Recently, a new class of allosteric antagonists of CASR, i.e. calcilytics, has been synthesized. Calcilytics are structurally similar to calcimimetics, but exert their effects acting on a different allosteric site. Infusion of calcilytics was followed by transient rise in PTH and calcium. One of these compounds, ronacaleret, was able to increase femur BMD in post menopausal women, but with induction of mild hyperparathyroidism. In the future, calcilytics may contribute to the osteoporosis treatment choice.
CASR; calcium sensing receptor; cinacalcet; calcium metabolism; ronacaleret
Gprc5b, a retinoic acid-inducible orphan G protein–coupled receptor (GPCR), is a member of the group C metabotropic glutamate receptor family proteins possibly involved in non-canonical Wnt signaling. Many GPCR transcripts are alternatively spliced, which diversifies this class of proteins in their cell- and tissue-specific signaling, regulatory and/or pharmacological properties. We previously generated p97FE65 isoform-specific knockout mice that showed learning/memory deficits. In this study, we further characterized the 97FE65 null mice using cDNA microarray and RT-PCR analyses.
We discovered a novel brain-specific C-terminal splice variant of Gprc5b, Gprc5b_v2, which was differentially expressed in p97FE65 wild type and null mouse brains. The null mice were generated in 129/Sv ES cells, and backcrossed to C57Bl/6J for ten generations. We found that expression of Gprc5b_v2 mRNA in the brains of p97FE65 null mice was dramatically down-regulated (more than 20 fold) compared to their wild type littermates. However, expression profiles of Gprc5b variants and SNP analysis surrounding the FE65 locus suggest that the down-regulation is unlikely due to the altered FE65 function, but rather is caused by gene retention from the 129/Sv ES cells. Consistently, in contrast to ubiquitously expressed Gprc5b_v1, Gprc5b_v2 was predominantly expressed in the brain tissues of C57Bl/6J mice. The alternative splicing of the 3′ terminal exon also altered the protein coding sequences, giving rise to the characteristic C-termini. Levels of Gprc5b_v2 mRNA were increased during neuronal maturation, paralleling the expression of synaptic proteins. Overexpression of both Gprc5b variants stimulated neurite-like outgrowth in a neuroblastoma cell line.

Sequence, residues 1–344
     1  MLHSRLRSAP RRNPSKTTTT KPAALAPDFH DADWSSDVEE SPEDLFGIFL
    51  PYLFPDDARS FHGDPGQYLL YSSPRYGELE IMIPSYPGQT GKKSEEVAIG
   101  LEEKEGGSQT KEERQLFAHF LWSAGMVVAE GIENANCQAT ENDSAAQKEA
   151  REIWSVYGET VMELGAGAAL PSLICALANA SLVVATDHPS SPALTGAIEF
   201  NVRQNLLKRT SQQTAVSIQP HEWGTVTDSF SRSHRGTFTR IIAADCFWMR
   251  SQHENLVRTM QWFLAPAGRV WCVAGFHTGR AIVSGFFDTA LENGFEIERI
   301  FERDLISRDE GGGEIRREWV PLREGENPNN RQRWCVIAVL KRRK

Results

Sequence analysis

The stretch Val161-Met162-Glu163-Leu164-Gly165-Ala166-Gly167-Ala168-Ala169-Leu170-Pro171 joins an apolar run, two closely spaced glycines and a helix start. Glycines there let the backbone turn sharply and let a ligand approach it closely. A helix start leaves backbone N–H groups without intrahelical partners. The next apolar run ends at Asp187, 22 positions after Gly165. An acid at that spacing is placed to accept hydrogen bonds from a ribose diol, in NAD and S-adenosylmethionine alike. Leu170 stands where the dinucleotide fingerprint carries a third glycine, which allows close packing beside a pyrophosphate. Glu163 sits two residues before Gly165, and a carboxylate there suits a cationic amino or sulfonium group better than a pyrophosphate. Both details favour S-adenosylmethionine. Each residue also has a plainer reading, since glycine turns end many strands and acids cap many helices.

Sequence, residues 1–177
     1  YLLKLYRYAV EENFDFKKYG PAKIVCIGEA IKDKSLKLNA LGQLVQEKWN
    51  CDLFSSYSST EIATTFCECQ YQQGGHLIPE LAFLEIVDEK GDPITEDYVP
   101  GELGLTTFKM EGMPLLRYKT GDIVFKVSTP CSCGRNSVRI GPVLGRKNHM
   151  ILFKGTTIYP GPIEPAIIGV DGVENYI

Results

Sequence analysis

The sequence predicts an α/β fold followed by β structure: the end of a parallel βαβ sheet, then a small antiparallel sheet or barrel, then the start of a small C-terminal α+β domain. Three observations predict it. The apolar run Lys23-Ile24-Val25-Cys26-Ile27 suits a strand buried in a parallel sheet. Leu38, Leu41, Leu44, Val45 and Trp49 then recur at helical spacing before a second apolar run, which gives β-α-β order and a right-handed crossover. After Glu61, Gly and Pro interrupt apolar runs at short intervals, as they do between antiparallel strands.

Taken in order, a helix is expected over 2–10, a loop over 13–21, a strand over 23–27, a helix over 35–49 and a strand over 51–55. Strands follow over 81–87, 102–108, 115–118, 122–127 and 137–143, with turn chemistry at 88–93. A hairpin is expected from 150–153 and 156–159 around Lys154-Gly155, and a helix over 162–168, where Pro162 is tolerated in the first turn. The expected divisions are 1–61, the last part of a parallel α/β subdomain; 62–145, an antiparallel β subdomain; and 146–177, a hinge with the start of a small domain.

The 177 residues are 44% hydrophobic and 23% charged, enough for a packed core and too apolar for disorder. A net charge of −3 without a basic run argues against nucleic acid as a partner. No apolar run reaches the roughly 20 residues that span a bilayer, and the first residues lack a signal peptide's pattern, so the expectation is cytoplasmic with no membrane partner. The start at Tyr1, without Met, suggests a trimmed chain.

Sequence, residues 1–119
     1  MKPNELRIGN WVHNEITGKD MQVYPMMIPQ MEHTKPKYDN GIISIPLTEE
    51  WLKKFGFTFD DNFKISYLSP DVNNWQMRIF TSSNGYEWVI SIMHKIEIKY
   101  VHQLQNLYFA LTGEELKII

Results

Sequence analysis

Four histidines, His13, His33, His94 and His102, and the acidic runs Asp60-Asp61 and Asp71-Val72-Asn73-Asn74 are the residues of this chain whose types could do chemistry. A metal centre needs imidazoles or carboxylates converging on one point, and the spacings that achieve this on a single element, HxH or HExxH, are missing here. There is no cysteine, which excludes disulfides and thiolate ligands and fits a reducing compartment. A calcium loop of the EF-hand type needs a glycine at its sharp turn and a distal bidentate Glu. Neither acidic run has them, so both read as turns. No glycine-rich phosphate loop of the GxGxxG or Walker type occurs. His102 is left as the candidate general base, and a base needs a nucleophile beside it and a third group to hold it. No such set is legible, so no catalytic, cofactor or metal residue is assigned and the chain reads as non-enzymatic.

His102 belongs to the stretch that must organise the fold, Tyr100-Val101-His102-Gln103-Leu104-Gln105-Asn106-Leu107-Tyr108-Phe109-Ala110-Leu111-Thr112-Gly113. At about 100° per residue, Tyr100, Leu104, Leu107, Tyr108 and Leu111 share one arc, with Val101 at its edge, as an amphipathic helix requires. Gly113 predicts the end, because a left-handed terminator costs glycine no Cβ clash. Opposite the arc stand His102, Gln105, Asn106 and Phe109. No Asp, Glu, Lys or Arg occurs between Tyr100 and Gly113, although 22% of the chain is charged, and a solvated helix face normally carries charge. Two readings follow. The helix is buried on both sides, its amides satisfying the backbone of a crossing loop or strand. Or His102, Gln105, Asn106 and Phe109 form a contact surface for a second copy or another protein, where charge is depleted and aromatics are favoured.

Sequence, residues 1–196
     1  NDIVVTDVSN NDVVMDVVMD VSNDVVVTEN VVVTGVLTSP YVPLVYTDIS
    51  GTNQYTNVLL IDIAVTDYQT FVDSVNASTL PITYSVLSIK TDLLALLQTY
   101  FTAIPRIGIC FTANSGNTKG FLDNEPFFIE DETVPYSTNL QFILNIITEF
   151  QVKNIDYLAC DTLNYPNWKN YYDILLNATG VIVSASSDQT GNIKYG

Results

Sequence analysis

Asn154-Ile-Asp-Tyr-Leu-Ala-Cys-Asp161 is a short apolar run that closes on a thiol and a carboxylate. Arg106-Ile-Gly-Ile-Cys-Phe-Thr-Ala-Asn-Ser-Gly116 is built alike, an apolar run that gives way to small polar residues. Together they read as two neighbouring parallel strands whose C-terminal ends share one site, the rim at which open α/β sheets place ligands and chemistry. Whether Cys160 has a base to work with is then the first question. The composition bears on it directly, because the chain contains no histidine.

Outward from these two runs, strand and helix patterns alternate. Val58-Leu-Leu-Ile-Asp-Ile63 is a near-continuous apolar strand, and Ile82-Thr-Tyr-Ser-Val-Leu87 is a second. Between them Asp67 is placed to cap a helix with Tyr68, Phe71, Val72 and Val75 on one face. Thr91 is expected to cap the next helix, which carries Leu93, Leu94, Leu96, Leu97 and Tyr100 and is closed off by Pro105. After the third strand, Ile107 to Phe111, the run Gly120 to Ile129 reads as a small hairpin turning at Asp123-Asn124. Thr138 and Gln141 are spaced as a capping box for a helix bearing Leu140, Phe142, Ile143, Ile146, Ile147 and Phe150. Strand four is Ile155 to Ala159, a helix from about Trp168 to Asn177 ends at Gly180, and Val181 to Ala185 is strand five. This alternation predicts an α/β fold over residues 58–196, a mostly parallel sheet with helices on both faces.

Our results suggest that Gprc5b-v2 may play a role during brain maturation and in matured brain, possibly through the regulation of neuronal morphology and protein-protein interaction. This study also highlights the fact that unexpected gene retention following repeated backcrosses can lead to important biological consequences.
Activation of the NLRP3 inflammasome enables monocytes and macrophages to release high levels of interleukin-1β during inflammatory responses. Concentrations of extracellular calcium can increase at sites of infection, inflammation or cell activation. Here we show that increased extracellular calcium activates the NLRP3 inflammasome via stimulation of G protein-coupled calcium sensing receptors. Activation is mediated by signalling through the calcium-sensing receptor and GPRC6A via the phosphatidyl inositol/Ca2+ pathway. The resulting increase in the intracellular calcium concentration triggers inflammasome assembly and Caspase-1 activation. We identified necrotic cells as one source for excess extracellular calcium triggering this activation. In vivo, increased calcium concentrations can amplify the inflammatory response in the mouse model of carrageenan-induced footpad swelling, and this effect was inhibited in GPRC6A−/− mice. Our results demonstrate that G-protein-coupled receptors can activate the inflammasome, and indicate that increased extracellular calcium has a role as a danger signal and amplifier of inflammation.
Levels of extracellular calcium can increase at sites of infection and inflammation; however, the physiological significance of this has been unclear. This work shows that extracellular calcium acts as a danger signal, triggering the NLRP3 inflammasome via two G protein-coupled receptors.